May 2002

Lawsuit pits S.C. governor vs. 6 tons of plutonium

The Atlanta Journal-Constitution (, May 5, 2002
By Charles Seabrook - Staff

[Posted 06/05/2002]

Rocky Flats, Colo. — At the peak of the Cold War, 8,000 workers labored round the clock in top-secret buildings on the windswept prairie west of Denver to build the deadliest devices ever invented —thermonuclear bombs.

Now, with Russia and the United States cutting their nuclear arsenals, the fortresslike Rocky Flats site —once one of the world's most dangerous bomb plants— will shut down by 2006. Its grounds will become a wildlife refuge.

First, though, the government must level hundreds of buildings and remove a huge volume of highly radioactive material left from decades of making hydrogen bombs.

Crews are sending tons of this waste to disposal, storage and recycling sites around the country. The most dangerous material —more than 6 tons of heavily guarded plutonium suitable for use in H-bomb— is destined for the Department of Energy's Savannah River Site in South Carolina, 175 miles east of Atlanta. There, if all goes according to plan, it would be recycled into fuel for electricity-generating reactors.

Plutonium shipments to Savannah River, which are likely to traverse Georgia in tractor-trailers — exact routes are secret — could begin anytime after May 15.

But getting the substance across the South Carolina border is becoming a political and public relations headache for the Energy Department. South Carolina Gov. Jim Hodges pledges to use state troopers —even lie down in the road, if necessary —to turn away plutonium-hauling trucks unless he can be convinced the feds won't leave the plutonium in his state permanently.

So far the Energy Department's promises have left him unconvinced. "The federal government is asking us to take them at their word," Hodges said. "Given their track record, that's not good enough."

On Wednesday the governor sued the Energy Department, asking a federal court to block the plutonium shipments until Washington studies the impact on public health and the environment.

Hodges' stance has thrown the Energy Department, and some Coloradans, into a tizzy.

The Energy Department says sending the plutonium to Savannah River is a major step in its plans to close Rocky Flats. If the plutonium does not begin moving out of Colorado soon, the department will miss its 2006 deadline for closing Rocky Flats, the agency says.

Energy Secretary Spencer Abraham says he fears the Russians may lose interest in cutting weapons if the United States cannot show it is making progress in getting rid of its nuclear material.

Denver's newspapers have called Hodges "silly" and likened him to a Confederate rebel. Sen. Wayne Allard (R-Colo.), who introduced the bill to make Rocky Flats a wildlife refuge, says Hodges will be to blame if plans fall apart.

"As a result of his dangerous gamesmanship, our national security and our nation's environmental security have been placed at risk," Allard said in a recent committee hearing on Capitol Hill. His press secretary has referred to Hodges, a Democrat, as an "Elmer Fudd."

Both Allard and Hodges are running for re-election, raising the possibility that their battle has as much to do with politics as protecting their states from nuclear hazards.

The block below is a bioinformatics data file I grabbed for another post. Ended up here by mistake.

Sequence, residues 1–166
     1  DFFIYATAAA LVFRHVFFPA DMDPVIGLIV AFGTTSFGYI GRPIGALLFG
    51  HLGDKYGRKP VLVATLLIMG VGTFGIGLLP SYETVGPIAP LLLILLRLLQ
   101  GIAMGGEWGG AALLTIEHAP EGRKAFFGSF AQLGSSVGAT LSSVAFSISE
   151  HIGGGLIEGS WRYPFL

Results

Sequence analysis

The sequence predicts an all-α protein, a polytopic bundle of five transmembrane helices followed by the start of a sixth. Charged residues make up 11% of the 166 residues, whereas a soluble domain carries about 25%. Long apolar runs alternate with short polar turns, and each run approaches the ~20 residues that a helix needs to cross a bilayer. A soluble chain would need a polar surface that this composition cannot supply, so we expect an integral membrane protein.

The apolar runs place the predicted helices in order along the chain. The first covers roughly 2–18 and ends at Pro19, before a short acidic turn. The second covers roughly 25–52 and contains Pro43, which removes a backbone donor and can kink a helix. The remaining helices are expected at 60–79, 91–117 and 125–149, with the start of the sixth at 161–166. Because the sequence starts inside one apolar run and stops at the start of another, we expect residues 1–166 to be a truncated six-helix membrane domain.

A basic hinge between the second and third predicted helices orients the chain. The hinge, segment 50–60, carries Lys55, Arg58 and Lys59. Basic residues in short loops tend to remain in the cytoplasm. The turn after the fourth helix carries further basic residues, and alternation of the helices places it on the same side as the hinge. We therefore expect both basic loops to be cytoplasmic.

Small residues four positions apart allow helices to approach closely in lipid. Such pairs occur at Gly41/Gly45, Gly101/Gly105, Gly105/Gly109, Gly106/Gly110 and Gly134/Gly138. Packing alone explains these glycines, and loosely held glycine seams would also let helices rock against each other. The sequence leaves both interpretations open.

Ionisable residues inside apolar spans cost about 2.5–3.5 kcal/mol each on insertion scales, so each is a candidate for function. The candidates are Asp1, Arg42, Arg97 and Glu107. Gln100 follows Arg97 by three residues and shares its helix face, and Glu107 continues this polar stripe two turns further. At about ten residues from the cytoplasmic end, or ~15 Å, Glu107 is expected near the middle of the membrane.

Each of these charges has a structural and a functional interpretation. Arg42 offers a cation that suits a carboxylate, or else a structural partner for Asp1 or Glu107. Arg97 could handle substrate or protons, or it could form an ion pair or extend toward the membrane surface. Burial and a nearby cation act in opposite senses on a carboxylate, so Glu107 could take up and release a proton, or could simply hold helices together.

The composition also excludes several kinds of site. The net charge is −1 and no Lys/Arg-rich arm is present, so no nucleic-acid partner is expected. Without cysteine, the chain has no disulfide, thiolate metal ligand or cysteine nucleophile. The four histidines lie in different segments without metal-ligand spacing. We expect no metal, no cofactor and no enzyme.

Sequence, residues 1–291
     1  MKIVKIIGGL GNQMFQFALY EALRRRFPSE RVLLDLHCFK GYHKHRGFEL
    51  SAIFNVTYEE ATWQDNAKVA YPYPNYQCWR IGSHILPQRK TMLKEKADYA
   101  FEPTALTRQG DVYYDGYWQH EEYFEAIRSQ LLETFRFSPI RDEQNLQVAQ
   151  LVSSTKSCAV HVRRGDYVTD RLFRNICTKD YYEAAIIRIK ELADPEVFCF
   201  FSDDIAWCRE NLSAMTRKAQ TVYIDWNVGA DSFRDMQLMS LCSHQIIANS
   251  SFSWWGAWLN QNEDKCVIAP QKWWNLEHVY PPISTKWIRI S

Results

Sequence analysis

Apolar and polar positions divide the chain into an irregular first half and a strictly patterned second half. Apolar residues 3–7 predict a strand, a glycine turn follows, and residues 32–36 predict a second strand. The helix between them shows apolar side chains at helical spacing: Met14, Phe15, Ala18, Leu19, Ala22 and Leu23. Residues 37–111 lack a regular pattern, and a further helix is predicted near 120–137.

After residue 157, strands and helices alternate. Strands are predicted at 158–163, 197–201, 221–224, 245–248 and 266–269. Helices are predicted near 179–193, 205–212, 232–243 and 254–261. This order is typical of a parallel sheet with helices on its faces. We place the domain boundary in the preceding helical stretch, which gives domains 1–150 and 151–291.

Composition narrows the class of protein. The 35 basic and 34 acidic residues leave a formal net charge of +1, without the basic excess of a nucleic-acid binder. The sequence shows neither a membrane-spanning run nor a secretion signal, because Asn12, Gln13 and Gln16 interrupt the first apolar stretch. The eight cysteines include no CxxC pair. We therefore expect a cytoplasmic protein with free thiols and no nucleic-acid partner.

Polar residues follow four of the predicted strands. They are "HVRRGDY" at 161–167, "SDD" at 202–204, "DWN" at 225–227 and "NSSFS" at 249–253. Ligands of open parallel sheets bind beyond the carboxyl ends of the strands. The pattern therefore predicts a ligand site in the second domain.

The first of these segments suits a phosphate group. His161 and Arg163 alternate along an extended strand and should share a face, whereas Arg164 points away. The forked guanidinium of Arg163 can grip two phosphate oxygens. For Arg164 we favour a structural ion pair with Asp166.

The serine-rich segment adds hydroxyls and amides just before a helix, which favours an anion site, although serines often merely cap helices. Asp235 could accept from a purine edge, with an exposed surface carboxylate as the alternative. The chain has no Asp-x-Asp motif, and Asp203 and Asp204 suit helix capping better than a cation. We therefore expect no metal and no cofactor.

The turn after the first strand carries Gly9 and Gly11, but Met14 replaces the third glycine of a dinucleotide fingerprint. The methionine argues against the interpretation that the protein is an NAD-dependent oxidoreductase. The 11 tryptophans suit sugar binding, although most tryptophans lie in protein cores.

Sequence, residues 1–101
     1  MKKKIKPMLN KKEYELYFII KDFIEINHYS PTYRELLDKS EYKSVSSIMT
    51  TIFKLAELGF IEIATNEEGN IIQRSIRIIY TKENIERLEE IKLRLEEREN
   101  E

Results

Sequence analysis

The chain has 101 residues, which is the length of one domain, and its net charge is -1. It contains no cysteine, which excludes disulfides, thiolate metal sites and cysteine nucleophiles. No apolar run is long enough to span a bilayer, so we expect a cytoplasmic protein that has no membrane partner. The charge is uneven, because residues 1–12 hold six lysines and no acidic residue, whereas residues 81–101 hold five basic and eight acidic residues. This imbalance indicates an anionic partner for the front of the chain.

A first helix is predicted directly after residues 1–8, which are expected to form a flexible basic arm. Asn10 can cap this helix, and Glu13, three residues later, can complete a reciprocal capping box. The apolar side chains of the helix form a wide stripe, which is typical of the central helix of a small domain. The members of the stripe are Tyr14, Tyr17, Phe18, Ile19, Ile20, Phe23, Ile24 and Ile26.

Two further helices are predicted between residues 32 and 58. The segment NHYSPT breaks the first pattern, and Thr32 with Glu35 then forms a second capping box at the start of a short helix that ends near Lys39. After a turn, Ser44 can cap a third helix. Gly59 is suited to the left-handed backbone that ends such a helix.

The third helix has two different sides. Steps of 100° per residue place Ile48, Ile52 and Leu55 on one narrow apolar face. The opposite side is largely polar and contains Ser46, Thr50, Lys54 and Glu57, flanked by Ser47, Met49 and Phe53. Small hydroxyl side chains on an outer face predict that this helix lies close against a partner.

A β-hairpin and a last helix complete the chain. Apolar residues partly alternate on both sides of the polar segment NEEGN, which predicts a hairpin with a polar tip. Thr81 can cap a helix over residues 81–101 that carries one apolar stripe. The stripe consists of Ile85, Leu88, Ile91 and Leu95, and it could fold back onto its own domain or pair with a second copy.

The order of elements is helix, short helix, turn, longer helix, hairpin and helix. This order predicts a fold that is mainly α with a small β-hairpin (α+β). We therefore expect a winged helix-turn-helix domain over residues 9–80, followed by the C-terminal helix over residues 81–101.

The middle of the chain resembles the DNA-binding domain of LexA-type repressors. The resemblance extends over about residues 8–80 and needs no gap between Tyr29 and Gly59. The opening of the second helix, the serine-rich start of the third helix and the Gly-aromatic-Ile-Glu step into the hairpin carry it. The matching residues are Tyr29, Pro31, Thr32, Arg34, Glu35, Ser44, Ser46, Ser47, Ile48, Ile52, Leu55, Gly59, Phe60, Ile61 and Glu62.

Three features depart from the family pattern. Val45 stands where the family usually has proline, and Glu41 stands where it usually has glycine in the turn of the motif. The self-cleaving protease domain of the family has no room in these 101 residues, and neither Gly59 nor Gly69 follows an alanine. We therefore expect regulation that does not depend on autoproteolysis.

Though the Savannah River Site is only a few miles from the Georgia border, Gov. Roy Barnes has stayed out of the argument, supporting neither the federal plan nor Hodges' objections.

States challenge feds

The plutonium from Rocky Flats is just the first part of more than 34 tons of the radioactive metal —enough to make thousands of H-bombs— that will be shipped to the Savannah River Site from Energy Department sites over the next several years. Much of the plutonium comes from dismantled bombs. Russia has agreed to dispose of a similar amount of the material.

The plutonium would be stored in the same Savannah River structure in which much of the material was made, the old K-reactor building. During the Cold War it housed one of five reactors that churned out hundreds of tons of plutonium and other nuclear material for weapons.

The plutonium shipped to Savannah River would be reprocessed into fuel for commercial nuclear reactors. When that fuel is spent, it would be disposed of at a planned repository at Yucca Mountain, Nev.

To reprocess the plutonium, the Energy Department plans to spend $3.8 billion to build and operate two massive structures at Savannah River. Hodges' fear is that the structures won't be built and the plutonium will sit indefinitely.

The feud between Energy Department and South Carolina underscores the enormous and politically difficult task of cleaning up the nation's nuclear weapons sites, some of the most polluted places on earth. The standoff also reflects growing tension between the federal government and states over the transporting, handling and storing of nuclear material.

Nevada is fighting the planned Yucca Mountain repository for nuclear waste. Idaho has had a running battle with the Energy Department to clean up plutonium-contaminated waste at the Idaho National Engineering and Environmental Lab. Sen. Pete Domenici (R-N.M.) has protested a plan to ship 2 metric tons of nuclear waste, from Rocky Flats and elsewhere, to his state for storage.

Raided by the FBI

The cleanup and closure of the 6,500-acre Rocky Flats facility, once one of the world's filthiest bomb factories, will set the tone for other such projects to come, nuclear experts say.

At a cost of more than $7 billion, the effort at Rocky Flats is one of the biggest public works projects in the nation's history and the first of its kind —the complete dismantling of a major nuclear weapons plant— in the world.